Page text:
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The economy is going strong, but all good things must end. In the next 12 to 18 months, economists predict that the good economic times will recede and America is likely to slip into another recession.

Of course the consensus might be wrong. And few economists expect a new downturn will be as severe as 2008, if history is any guide. However, a slowdown or decline in economic growth will still impact the financial futures of millions.

The lingering memories of losing your home, or watching your neighbors or parents lose theirs, could have you second-guessing a home purchase of your own in the next year or two.

But should you let fear of the next recession scare you away from the housing market?

What will happen to the housing market during the next recession?

During the 2008 recession, the housing market crashed. In the years prior to what’s been called the Great Recession, subprime mortgages made buying a home accessible to almost anyone, including those who couldn’t afford to.

As a result, there was a boom in homeownership and mortgages with little or no money down. As real estate prices declined dramatically, homeowners quickly found themselves “underwater” on their mortgages, meaning they owed more than the homes were worth.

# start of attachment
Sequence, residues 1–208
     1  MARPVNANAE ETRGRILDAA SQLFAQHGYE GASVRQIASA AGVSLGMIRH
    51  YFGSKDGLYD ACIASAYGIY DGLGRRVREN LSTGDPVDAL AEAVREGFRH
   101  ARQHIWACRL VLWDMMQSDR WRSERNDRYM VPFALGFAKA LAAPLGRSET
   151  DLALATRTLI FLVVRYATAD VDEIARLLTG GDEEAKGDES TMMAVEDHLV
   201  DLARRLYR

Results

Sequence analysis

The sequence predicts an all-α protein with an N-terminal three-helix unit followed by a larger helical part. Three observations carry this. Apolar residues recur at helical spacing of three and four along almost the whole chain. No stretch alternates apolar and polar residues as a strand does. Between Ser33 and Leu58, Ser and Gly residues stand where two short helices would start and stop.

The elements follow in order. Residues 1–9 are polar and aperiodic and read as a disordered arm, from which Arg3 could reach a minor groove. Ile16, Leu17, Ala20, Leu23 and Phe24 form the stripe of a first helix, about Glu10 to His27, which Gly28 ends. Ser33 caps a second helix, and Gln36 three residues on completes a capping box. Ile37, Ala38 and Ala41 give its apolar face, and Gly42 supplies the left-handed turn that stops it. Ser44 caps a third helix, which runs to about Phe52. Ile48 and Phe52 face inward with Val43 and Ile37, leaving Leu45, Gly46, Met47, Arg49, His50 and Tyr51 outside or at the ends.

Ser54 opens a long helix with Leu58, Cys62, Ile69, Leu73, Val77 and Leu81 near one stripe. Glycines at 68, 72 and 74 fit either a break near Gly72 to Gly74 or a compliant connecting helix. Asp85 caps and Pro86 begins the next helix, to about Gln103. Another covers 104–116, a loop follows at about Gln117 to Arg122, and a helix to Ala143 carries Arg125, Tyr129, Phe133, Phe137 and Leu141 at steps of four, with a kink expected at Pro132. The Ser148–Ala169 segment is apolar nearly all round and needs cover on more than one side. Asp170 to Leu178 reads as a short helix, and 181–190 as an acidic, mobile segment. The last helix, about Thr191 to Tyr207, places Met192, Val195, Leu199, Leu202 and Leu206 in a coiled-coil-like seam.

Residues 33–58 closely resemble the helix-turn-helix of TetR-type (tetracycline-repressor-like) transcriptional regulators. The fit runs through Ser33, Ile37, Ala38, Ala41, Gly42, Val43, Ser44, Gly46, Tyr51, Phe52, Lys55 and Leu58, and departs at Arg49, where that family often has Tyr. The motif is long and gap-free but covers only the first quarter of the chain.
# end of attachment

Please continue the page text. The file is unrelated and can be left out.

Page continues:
Struggling to keep up with payments they couldn’t afford amid massive layoffs and a stock market crash, millions of Americans began to default on their mortgages. It’s estimated that 9.3 million homeowners went through foreclosure or lost their homes.

Some analysts argue that concerns over another housing market crash during the next recession are overblown.

Laurie Goodman, founder and co-director of the Housing Finance Policy Center at Urban Institute, says it’s unlikely the housing market will crash again in an economic downturn. “Home prices aren’t expected to drop any time soon,” says Goodman. “In the past four recessions, they actually only dropped during one of them.”

Greg McBride, chief financial analyst at Bankrate, notes that “anything goes” lending practices were a big part of why the last recession crushed the housing market. Today, there are stricter regulations in place under the Dodd-Frank Act to make sure this doesn’t happen again, though the Trump administration has pledged to repeal it.